Data_Sheet_1_Physiological Stimuli Induce PAD4-Dependent, ROS-Independent NETosis, With Early and Late Events Controlled by Discrete Signaling Pathways.PDF

2018-09-18T04:16:19Z (GMT) by Olga Tatsiy Patrick P. McDonald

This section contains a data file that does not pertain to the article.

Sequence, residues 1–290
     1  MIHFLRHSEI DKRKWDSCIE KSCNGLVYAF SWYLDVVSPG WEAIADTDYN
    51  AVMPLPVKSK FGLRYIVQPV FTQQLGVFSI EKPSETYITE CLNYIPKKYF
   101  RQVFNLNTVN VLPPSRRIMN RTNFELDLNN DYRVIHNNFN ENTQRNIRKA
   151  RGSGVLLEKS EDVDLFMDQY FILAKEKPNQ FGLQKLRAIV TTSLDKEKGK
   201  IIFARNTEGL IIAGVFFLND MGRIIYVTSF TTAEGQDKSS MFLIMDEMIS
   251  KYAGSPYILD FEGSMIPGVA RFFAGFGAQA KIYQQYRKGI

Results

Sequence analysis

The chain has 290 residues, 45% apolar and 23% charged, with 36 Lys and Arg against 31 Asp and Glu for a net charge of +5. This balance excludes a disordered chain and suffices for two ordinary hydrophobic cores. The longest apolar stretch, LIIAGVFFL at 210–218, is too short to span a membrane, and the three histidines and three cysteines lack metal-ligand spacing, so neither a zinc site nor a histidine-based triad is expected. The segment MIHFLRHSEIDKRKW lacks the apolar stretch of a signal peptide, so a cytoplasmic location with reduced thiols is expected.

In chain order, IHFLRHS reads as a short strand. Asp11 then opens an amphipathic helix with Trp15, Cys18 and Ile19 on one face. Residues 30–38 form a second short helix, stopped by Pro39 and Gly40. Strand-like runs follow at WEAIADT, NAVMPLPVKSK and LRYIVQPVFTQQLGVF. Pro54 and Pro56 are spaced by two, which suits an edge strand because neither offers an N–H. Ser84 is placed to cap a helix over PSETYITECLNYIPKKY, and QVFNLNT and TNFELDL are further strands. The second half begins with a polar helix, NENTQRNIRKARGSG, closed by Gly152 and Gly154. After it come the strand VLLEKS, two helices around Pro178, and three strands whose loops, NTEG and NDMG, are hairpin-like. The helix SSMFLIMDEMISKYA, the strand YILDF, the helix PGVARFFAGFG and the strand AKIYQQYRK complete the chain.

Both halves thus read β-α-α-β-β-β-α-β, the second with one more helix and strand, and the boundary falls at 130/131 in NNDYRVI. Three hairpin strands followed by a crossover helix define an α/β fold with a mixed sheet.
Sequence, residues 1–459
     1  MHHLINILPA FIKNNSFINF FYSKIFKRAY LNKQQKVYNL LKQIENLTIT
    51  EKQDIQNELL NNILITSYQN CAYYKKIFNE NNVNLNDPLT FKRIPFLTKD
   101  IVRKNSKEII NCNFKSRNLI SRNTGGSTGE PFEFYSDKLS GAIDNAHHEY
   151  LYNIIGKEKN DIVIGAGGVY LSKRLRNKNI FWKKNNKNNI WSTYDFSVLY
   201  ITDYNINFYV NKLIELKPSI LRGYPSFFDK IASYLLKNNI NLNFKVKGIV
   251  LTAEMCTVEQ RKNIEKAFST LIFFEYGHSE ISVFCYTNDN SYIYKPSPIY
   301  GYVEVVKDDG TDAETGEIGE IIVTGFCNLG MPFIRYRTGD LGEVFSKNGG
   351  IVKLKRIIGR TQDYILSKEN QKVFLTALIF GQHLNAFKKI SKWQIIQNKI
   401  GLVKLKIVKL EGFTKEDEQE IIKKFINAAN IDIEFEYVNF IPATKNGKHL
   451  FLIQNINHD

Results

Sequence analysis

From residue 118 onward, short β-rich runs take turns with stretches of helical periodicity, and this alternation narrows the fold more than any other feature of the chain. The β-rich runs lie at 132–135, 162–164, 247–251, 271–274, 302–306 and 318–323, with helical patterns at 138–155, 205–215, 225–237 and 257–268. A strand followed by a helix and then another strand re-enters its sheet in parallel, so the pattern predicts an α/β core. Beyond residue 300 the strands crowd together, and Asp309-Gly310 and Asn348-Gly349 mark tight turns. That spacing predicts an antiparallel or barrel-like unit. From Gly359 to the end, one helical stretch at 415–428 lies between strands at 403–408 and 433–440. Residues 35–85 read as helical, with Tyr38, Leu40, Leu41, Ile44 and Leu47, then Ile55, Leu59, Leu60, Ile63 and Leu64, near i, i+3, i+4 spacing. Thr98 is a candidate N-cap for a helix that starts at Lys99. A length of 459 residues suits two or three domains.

Neutrophils are known to extrude decondensed chromatin, thus forming NETs (neutrophil extracellular traps). These structures immobilize pathogens, thereby preventing their spreading, and are also adorned with antimicrobial molecules. NETs can also influence pathogenesis in chronic inflammation, autoimmunity, and cancer. Despite the importance of NETs, the molecular mechanisms underlying their formation, as well as the upstream signaling pathways involved, are only partially understood. Likewise, current methodological approaches to quantify NETs suffer from significant drawbacks, not the least being the inclusion of a significant non-specific signal. In this study, we used novel, fluorescent polymers that only bind extruded chromatin, allowing a specific and standardized quantification of NETosis. This allowed us to reliably rank the relative potency of various physiologic NET inducers. In neutrophils activated with such stimuli, inhibition of the Syk or PI3K pathways blocked NETosis by acting upon late events in NET formation. Inhibition of the TAK1, p38 MAPK, or MEK pathways also hindered NETosis, but by acting on early events. By contrast, inhibiting PKC, Src family kinases, or JNK failed to prevent NETosis; cycloheximide or actinomycin D were also ineffective. Expectedly, NET formation was deeply compromised following inhibition of the NADPH oxidase in PMA-activated neutrophils, but was found to be ROS-independent in response to physiological agonists. Conversely, we show for the first time in human neutrophils that selective inhibition of PAD4 potently prevents NETosis by all stimuli tested. Our data substantially extends current knowledge of the signaling pathways controlling NETosis, and reveals how they affect early or late stages of the phenomenon. In view of the involvement of NETs in several pathologies, our findings also identify molecular targets that could be exploited for therapeutic intervention.